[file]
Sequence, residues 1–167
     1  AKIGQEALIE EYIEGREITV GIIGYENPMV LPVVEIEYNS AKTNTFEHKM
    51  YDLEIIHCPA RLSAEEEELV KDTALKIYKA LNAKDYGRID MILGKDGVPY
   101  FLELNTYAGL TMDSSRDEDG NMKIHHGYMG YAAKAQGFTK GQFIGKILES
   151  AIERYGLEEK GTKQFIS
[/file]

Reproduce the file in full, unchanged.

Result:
Sequence, residues 1–167
     1  AKIGQEALIE EYIEGREITV GIIGYENPMV LPVVEIEYNS AKTNTFEHKM
    51  YDLEIIHCPA RLSAEEEELV KDTALKIYKA LNAKDYGRID MILGKDGVPY
   101  FLELNTYAGL TMDSSRDEDG NMKIHHGYMG YAAKAQGFTK GQFIGKILES
   151  AIERYGLEEK GTKQFIS